The law of Gay-Lussac describes the relationship between an increase in temperature and the resulting increase in volume at constant pressure (isobaric process). Learn more about it in this article.

## Isobaric process

If a thermodynamic process takes place at constant pressure, it is called an isobaric process. For example, such an isobaric change of state is observed when a gas is confined to a cylinder that is closed with a piston. The piston moves frictionless in the cylinder. When the gas is heated, it expands at constant pressure and the volume increases. The exact mathematical relationship between gas volume and gas temperature for an isobaric process in a closed system is explained in more detail in this article.

## Experimental investigation

### Experimental setup

In principle, the setup described above with a cylinder and a piston is used to investigate the relationship between temperature and volume. The cylinder is connected by a hose to a larger vessel to increase the gas volume. This increases the accuracy of the measurement, because more gas can expand, resulting in a larger change in volume. In the simplest case, air is used, which can be considered as an ideal gas. A scale is attached to the cylinder from which the volume change can be read. The total volume results from the sum of the vessel volume, cylinder volume and volume of the hose.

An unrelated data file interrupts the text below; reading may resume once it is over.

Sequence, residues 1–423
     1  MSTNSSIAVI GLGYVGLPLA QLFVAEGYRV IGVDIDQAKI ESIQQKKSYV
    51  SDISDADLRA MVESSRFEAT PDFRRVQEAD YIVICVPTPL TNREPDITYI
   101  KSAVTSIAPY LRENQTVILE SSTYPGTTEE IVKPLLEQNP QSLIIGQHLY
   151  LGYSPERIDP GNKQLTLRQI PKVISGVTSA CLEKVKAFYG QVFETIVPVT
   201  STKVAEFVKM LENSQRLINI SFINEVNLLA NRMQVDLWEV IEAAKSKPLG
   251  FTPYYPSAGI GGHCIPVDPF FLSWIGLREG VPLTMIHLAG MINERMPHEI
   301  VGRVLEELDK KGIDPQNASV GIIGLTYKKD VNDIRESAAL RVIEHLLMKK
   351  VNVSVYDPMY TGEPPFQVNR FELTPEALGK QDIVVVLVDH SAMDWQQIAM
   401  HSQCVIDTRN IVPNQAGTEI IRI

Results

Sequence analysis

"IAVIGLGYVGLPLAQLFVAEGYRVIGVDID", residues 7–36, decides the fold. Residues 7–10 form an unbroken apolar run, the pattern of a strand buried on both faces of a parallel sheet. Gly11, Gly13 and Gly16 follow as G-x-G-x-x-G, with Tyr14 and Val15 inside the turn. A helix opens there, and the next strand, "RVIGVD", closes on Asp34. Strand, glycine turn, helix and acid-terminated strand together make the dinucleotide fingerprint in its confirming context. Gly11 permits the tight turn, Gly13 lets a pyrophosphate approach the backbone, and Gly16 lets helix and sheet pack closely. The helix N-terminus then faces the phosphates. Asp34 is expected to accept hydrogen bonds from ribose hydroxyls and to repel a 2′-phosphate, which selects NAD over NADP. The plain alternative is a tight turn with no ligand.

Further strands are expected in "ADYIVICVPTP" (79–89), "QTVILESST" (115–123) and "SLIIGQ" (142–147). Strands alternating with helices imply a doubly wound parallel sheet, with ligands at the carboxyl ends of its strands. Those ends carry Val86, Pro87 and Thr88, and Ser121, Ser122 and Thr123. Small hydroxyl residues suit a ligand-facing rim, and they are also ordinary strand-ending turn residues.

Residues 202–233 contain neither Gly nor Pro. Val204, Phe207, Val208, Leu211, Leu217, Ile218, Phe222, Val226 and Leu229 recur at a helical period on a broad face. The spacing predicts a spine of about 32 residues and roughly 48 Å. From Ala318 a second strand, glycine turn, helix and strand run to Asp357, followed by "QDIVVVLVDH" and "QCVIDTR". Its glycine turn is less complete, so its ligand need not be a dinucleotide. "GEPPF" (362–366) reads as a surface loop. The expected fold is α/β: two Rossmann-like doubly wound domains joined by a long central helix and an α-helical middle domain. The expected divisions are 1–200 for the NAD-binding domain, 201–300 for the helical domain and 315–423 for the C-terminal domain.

If the air is now heated, it expands against the ambient pressure and pushes the piston upwards. On the one hand, at a constant volume the pressure would increase due to the increase in temperature (law of Amontons). On the other hand, at constant temperature, the pressure would decrease due to the increase in volume (law of Boyle-Mariotte). Both effects cancel each other out, so to speak, if the volume of the gas can expand freely. Overall, there is therefore no change in pressure in the present case. The expanding gas gives way to the pressure increase permanently, so to speak. It is the ambient air pressure and the weight of the piston that forces the gas to maintain its constant pressure. The thermodynamic process is therefore isobaric.

The air in the vessel is heated by a water bath. Measurement uncertainties arise at this point due to the uneven heating, since only the air in the vessel is heated, but not in the hose and cylinder. In order to keep the measurement uncertainty as small as possible, the volume in the hose and in the cylinder should be kept as small as possible. Alternatively, the entire measuring apparatus can be placed in a water bath. In this way, the dependence of the gas volume on the temperature at constant pressure can be investigated.